The Third Sunday after Pentecost

Today can be called the Sunday of Merciful Love. The Divine Mercy is brought before our eyes in manifold ways it the propers of the Third Sunday after Pentecost. This liturgy predates the feast of the Sacred Heart, so it is something of a divine arrangement that the Feast of our Lord’s Heart would immediately precede this Sunday which so much extols his merciful charity to sinners. The theme is taken up straightaway in the Introit: “Look Thou upon me, O Lord, and have mercy on me; for I am alone and poor. See my abjection and my labor; and forgive me all my sins….”

True Notion of Mercy. The Mass texts today instruct us on the true notion of God’s mercy and not the sentimental notion so popular today, which is that there is guaranteed and unconditional mercy for all, and that God’s mercy makes no demands of us. This pseudo-mercy is an affront to God’s justice, and to His holiness. The Collect sums up the right doctrine concerning God’s mercy: “O God, the protector of all that trust in Thee, without whom nothing is strong, and nothing is holy, multiply Thy mercies upon us; that having Thee for our ruler and guide, we may so pass through things temporal, so that we lose not those which are eternal.”

Note that God’s mercy comes upon those who trust in God. There has to be Christian hope for us to benefit from God’s mercy in the end. Of course, God’s mercy brings us to Faith, Hope, and Charity, so it has to precede our cooperation. Nevertheless, it will not work in spite of our cooperation. As Saint Augustine said, “God, who redeemed you without your cooperation will not save you without your cooperation.” Next, the prayer assures us that nothing is strong or holy without God. God’s mercy, then, makes us strong and holy. Finally, the prayer asks that God’s mercy will make Him our ruler and guide to lead us through the dangers of the world – “temporal things” – to those things which are eternal in heaven. We can simplify this to say that God’s mercy is a response to our own misery which we freely acknowledge and which we strive to overcome through His help. The word “mercy” comes from “misery,” with the word “heart” making its way into the etymology, too. In Latin, misery (or wretchedness) is miseria. To that we add the word for heart, cor, and we get misericordia, mercy. Mercy is having a heart for someone else’s misery. And who is a better example of that than the Sacred Heart Himself?

God’s mercy is not unconditional. We must hope in it; we must pray for it; we must cooperate with it; and we must acknowledge that without it we cannot be strong or holy.

The Epistle. St. Peter’s Epistle gives us further instruction on mercy. We must humble ourselves in order to receive God’s mercy. We must cast our anxiety upon God because he cares for us. Here, St. Peter is quoting Psalm 54, a prayer of King David for deliverance from his enemies. “Cast thy care upon the Lord, and he shall sustain thee: he shall not suffer the just to waver for ever. [speaking of his enemies:] But thou, O God, shalt bring them down into the pit of destruction. Bloody and deceitful men shall not live out half their days; but I will trust in thee, O Lord.”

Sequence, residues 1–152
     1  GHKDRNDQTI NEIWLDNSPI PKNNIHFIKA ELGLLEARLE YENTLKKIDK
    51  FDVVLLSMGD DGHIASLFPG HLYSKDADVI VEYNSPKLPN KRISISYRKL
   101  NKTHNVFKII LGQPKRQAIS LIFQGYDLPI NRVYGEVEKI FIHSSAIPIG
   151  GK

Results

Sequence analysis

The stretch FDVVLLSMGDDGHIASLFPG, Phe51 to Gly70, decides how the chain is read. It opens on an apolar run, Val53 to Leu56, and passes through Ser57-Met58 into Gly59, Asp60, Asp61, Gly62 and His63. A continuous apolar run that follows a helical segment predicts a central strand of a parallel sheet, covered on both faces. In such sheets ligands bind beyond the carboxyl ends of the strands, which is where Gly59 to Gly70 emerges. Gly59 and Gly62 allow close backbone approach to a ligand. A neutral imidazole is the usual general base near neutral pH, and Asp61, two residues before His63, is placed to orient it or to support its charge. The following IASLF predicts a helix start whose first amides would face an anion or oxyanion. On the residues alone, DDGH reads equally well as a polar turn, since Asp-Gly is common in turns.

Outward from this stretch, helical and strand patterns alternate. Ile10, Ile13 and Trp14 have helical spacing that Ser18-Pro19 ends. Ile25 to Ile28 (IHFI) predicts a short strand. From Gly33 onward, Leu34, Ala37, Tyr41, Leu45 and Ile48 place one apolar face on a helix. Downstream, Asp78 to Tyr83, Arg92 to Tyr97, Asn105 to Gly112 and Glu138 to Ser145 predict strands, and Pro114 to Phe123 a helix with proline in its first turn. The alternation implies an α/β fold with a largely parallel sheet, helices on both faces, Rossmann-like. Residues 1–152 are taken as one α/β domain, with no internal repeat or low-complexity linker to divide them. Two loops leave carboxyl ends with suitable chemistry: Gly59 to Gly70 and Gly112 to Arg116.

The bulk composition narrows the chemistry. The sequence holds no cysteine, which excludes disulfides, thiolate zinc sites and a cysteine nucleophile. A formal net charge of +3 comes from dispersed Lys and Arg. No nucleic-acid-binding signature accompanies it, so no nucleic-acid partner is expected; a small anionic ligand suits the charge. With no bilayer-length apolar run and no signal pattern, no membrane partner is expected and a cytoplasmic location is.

Again, the notion is that we need to approach God in prayer and in Faith to receive his mercy. Then St. Peter warns us about the Devil who goes about as a roaring lion to destroy us. We must resist him “strong in faith” – fortes in fide – which, by the way, is the motto of our Order. Persevering in Faith, we can hope that, after we have suffered “a little while,” God will perfect, strengthen, and establish us. This “little while” is like the “little while” Our Lord told the Apostles of after the Last Supper. It is our whole earthly life, however long that will be. But in light of eternity, it is only a little while. We need to take courage that after we fight it out just a bit more, we have all eternity to celebrate our victory.

The Gospel. The Gospel teaches us similar lessons about mercy. We will not go into detail about the parable of the lost sheep or the parable of the woman and the drachma. Instead, I will point out two details from the beginning and end of the passage. What is it that scandalizes the Pharisees and occasions our Lord’s telling these parables? It is that Our Lord “welcomes sinners and eats with them.” The Sacred Heart enters the banquet with sinners. Such an act of mercy horrifies the proud pharisees, whose very name, by the way, means “separated ones.” Perhaps they failed to notice that Jesus preached repentance to these sinners. That, by the way, is what modern commentators miss, too. Coming at these parables from the wrong direction, they would have Jesus preaching a mercy without repentance, a mercy without faith, a mercy without hope: in short, an unconditional mercy. We should notice something St. Luke begins the chapter with: “The publicans and the sinners were drawing near to Him to listen to Him.” Jesus had something to say that could save them from their sins. In cleaving to Jesus and in listening to (and not merely hearing) his words, they availed themselves of the Divine Mercy. When sinners hear the word of God and respond in Faith, Hope, and Charity, they feast at the banquet of the Sacred Heart. That is occasion for the angels to rejoice.